The Fifth Street offices of Hummel, Coan, Miller & Sage have all the trappings of a large law firm. The 17th-story view from the conference room stretches for miles on a clear day, fading somewhere in the knobbed hills of Southern Indiana.
Around the corner, the hallways are lined with legal volumes in stately bookcases. The sign above the receptionist's desk proclaims the firm's four prominent names - one more, incidentally, than Frost Brown Todd LLC, Louisville's largest law office.
But while other firms strive to be big, this law office is small by choice. Here, no associate lawyers scramble to handle partners' cases. It's just the partners, the way it has been since young lawyers Dennis Hummel and Marvin Coan started their firm 25 years ago this spring.
Hummel traces his interest in law to his undergraduate days at Indiana University in the late 1960s. A history student, he became enthralled with a class on constitutional law. He was hooked.
Coan traces his interest a little further back. It was while reading Harper Lee's "To Kill a Mockingbird" in 1962 that he decided to become a lawyer. The book's subsequent film adaptation, starring Gregory Peck as Atticus Finch, clinched his decision.
"From that day forward," he said, "I never wanted to be anything other than a lawyer."
The two men have been friends since Hummel was a fourth-grader at Goldsmith Elementary, Coan one grade behind. "Our paths really followed after that," Hummel said, "and we maintained our friendship from that day forward."
They played on the same basketball team - the Red Sox - at the Jewish Community Center. Their friendship took them on double dates at Seneca High School (during the school's golden years, Coan notes, that produced Diane Sawyer and Jerry Abramson).
They both went to Indiana University at Bloomington.
"The only departure that he's had from common sense," Coan said of Hummel, "is he went to U of L law school and I went to UK law school."
Upon graduation, Coan spent four years in the civil division of the Department of Justice in Washington, D.C. Meanwhile, Hummel went to work for a law firm in Louisville. He practiced there until the senior partners split up, then started his own practice. Along the way, both men got married, with each attending the other's wedding.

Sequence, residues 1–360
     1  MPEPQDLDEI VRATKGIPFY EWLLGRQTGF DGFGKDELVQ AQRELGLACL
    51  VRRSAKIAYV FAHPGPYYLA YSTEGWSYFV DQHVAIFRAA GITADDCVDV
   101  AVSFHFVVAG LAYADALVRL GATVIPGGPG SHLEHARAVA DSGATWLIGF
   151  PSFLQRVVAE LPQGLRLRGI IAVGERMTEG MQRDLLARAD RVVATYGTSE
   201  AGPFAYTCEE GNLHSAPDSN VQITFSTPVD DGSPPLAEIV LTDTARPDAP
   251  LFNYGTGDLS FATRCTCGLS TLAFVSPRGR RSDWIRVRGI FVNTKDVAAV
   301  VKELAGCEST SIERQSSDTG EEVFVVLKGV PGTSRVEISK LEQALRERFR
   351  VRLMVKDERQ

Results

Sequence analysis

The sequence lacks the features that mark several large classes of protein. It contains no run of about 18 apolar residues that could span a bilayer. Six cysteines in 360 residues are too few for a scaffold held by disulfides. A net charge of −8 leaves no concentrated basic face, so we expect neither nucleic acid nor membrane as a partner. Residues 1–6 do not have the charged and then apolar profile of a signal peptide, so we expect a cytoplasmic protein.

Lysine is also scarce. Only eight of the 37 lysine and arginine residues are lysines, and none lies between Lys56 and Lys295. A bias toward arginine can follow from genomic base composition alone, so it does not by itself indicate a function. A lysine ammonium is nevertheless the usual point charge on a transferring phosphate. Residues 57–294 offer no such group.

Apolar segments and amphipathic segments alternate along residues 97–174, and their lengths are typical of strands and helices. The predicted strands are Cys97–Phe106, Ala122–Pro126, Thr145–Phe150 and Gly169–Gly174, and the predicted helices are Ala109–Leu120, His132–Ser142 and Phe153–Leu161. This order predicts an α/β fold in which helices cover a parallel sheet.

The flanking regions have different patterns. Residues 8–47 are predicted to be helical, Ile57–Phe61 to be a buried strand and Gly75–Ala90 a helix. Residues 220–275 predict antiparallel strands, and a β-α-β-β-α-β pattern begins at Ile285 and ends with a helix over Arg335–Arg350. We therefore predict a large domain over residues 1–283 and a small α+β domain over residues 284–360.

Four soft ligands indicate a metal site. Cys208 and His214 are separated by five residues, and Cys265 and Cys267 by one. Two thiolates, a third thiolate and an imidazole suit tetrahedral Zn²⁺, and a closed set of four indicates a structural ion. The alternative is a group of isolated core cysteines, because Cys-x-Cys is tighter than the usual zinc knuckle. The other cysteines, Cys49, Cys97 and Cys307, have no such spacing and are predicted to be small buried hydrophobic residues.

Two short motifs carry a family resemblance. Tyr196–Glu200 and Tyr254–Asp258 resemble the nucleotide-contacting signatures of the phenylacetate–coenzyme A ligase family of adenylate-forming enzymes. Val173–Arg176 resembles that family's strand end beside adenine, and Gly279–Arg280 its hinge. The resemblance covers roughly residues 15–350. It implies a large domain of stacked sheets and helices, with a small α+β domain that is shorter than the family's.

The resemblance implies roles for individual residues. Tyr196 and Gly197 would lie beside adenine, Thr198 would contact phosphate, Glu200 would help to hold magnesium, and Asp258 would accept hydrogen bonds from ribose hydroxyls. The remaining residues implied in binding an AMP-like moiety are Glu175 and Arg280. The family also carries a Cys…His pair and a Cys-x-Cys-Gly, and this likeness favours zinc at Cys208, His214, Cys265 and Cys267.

The Coans were living in the nation's capital in the mid-1970s but making frequent trips back home. "We stayed in touch with Dennis and his wife and a lot of my friends here," Coan recalled. "And so we just decided that this was something we needed to do - open our own law firm."
Some of their peers tried to dissuade them, saying they couldn't succeed on their own. They didn't listen. The law firm of Mazin, Hummel, Coan, Owens and Gersh opened on March 20, 1978. (The other original partners have since retired or left.)
Their friendship wasn't an obstacle to starting their own firm, and they say it hasn't hindered their work in the intervening years. They don't socialize as often as they used to, but they attribute that to family obligations and other responsibilities.
Says Hummel: "I think both Marvin and I respect each other as human beings. ...We give each other the respective distance that we each need."
Says Coan: "I think on some levels Dennis and I have almost a brotherly relationship. That's not to say that over the years - especially when we were younger - that we didn't have some differences of opinions about things."
Partner David Sage, who joined the firm in 1992, sees it this way: "I thnk it was probably easier for them to become partners after having a long-term friendship than vice versa. ...The ground rules were already laid on how you deal with one another."
At first, they were scrounging for clients. Coan, who specializes in civil litigation, said he tried a number of murder cases and horse-race-fixing conspiracy cases. Any business was welcome.
"That's called two-legged law," interjected partner Bill Miller Jr., who joined the firm last year. "Anything that walks in the door."
Beyond that, the partnership between Hummel and Coan made sense for several reasons. For starters, both Coan and Hummel admit they aren't suited for large firms.
And law does not always make the best bedfellows. The partners say it's routine for lawyers to jump from firm to firm. "There are a lot of lawyers in this town who have been with more firms than... Elizabeth Taylor has had marriages," Coan said.
The firm has seriously considered merging with two local law firms but decided to pass on both. During one such negotiating session in the late 1980s, Coan and Hummel had filed into the other company's conference room for a meeting.
Then, the story goes, the senior partner walked in and spotted Hummel sitting in his chair. "When the guy came in and said, 'Oh, That's my chair. Get up,' (Hummel) and I both knew that it wouldn't work out very well," Coan said.
In a way, it was an omen that convinced them that staying small was the way to go.
Their counterparts in larger firms sometimes send business their way. Forst Brown Todd attorney Winston Miller has referred employment law and medical malpractice cases, even general business litigation, to Hummel, Coan, Miller & Sage.
"They are good lawyers," he said. "Even irrespective of the size of the firm that they have, I would be inclined to send them business."
Marcus Green covers small business issues. If you have a story about a business that has reached a turning point, write him at P.O. Box 740031, Louisville, Ky. 40201-7431. Phone: 582-4675. E-mail:firstname.lastname@example.org.
Caption: Partners in the law, from left: Dennis Hummel, David Sage, Marvin Coan and Bill Miller Jr. The firm has no associates and has stayed small by design since Hummel and Coan started the business 25 years ago. by michael clevenger, the courier journal.
HUMMEL COAN & SAGE LLC | American Life Building | 471 W. Main Street, Suite 200 | Louisville | Kentucky 40202